When you buckle your child in the car seat, always check to ensure the straps are not twisted or tangled. When a child is rear facing, the shoulder straps should be at or below shoulder level, and when a child is forward facing the straps should be at or above shoulder level. Every five-point harness comes with an upper clip and a buckle between the child’s legs. The upper clip is called the “chest” clip, and this is exactly where it should be placed. If the chest clip is buckled across the abdomen this could cause significant injury to internal organs in the event of a collision. Straps should also be tight enough to pass the pinch test: using your thumb and index finger, firmly pinch the strap at the shoulder level with your fingers about an inch apart. If it pinches together it is too loose. Always double check your child’s straps before driving, especially if they are buckling themselves in the seat.

 Keeping Your Child Warm

 In these upcoming cold months, securing car seat straps tightly enough can become challenging when navigating around excess fabric from hoods and large coats. Large, winter coats can make it seem like your child is securely buckled into his car seat, but an impact causes that fabric to compress significantly, leaving your child in danger of slipping out of his harness and being injured. Test your child’s coat by putting your child in the coat and buckling him in his car seat. Unbuckle your child without changing the straps, remove the coat, and buckle your child back in the seat. If the straps pass the pinch test then the coat is fine to wear in the car seat.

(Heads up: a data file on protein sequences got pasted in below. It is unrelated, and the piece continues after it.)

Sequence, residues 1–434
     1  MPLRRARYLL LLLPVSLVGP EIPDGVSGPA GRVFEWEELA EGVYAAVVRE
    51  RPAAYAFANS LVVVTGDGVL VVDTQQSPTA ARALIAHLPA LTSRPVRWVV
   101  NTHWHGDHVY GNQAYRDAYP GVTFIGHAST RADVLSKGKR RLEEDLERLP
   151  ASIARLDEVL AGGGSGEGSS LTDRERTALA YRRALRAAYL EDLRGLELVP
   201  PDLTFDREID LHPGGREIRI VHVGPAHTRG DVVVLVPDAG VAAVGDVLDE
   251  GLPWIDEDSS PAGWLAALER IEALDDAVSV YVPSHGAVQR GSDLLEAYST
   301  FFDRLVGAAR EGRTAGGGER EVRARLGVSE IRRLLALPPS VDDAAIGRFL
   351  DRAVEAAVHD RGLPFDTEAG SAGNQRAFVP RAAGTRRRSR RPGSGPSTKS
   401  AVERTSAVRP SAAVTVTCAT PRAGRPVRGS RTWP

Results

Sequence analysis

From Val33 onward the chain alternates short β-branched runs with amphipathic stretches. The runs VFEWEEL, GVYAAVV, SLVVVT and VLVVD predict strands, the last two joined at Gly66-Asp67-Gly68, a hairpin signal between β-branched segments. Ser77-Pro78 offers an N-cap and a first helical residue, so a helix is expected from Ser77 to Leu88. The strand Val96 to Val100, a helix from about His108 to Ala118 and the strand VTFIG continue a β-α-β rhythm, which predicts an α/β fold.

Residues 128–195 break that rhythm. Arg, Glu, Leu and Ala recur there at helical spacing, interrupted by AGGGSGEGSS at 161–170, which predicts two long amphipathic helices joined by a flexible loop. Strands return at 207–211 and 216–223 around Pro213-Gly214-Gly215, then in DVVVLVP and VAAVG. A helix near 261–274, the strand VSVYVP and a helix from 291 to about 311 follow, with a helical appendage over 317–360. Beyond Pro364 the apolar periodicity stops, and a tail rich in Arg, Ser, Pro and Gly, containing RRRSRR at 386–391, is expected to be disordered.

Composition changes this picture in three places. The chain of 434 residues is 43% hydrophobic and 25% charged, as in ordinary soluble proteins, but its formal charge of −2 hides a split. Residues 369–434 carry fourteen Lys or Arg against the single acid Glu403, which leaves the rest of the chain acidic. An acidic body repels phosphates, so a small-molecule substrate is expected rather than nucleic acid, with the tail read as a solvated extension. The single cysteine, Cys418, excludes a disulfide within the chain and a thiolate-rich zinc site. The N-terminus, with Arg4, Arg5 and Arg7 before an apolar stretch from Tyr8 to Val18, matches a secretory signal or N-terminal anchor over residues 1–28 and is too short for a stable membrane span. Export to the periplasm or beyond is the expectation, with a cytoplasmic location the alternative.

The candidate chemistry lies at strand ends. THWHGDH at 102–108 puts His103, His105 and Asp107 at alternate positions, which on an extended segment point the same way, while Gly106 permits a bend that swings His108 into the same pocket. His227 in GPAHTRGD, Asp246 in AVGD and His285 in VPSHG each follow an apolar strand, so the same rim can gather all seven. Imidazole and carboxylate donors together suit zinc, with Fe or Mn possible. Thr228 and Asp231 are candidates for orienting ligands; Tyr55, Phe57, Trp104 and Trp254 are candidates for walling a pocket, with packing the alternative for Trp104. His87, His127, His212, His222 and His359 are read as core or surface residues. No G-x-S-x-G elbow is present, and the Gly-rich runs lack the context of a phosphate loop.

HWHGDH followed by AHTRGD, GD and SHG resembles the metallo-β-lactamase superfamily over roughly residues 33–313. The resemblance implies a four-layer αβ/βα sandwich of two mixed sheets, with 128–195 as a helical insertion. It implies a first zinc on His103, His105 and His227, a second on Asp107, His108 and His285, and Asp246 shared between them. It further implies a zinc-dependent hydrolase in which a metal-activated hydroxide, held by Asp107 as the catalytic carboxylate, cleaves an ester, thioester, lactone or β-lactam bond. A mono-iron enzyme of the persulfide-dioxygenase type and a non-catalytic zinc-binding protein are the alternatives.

For babies in an infant carrier, dress them as if they were going to be indoors, tuck a blanket around them, and put a hat on their head. Did you know the Zipadee-Zip is an excellent and car seat safe alternative to a winter coat for your infant? On long road trips to visit family over the holidays the Zipadee-Zip not only keeps them warm, but also provides comfort and familiarity. This is a huge plus when your little one has to have his nap on the go. If you add a car seat cover to block the wind be sure it does not touch the harness or interfere with the movement of the straps in any way.

For toddlers and preschoolers, remove their coat before getting in the car seat and then put their arms through the coat backwards; blankets are also an excellent option. Anything that allows the child to remove layers if they’re feeling too warm is a good choice.


With so many things to keep in mind every time you get in the car, it’s good to have a reminder from time to time. Drive safely out there this winter, and keep your little ones warm without compromising their safety!







National Highway and Traffic Safety Administration


Mary Beth Gibson graduated from Wichita State University in 2007 with a BA in Creative Writing and blogs at Bright Sycamore. She enjoys most things natural, but with a healthy dose of practicality and affordability. You can most likely find her at Target chasing her toddler with a baby strapped to her chest. She lives in Kansas with her husband and her two children, ages 3 and 10 months.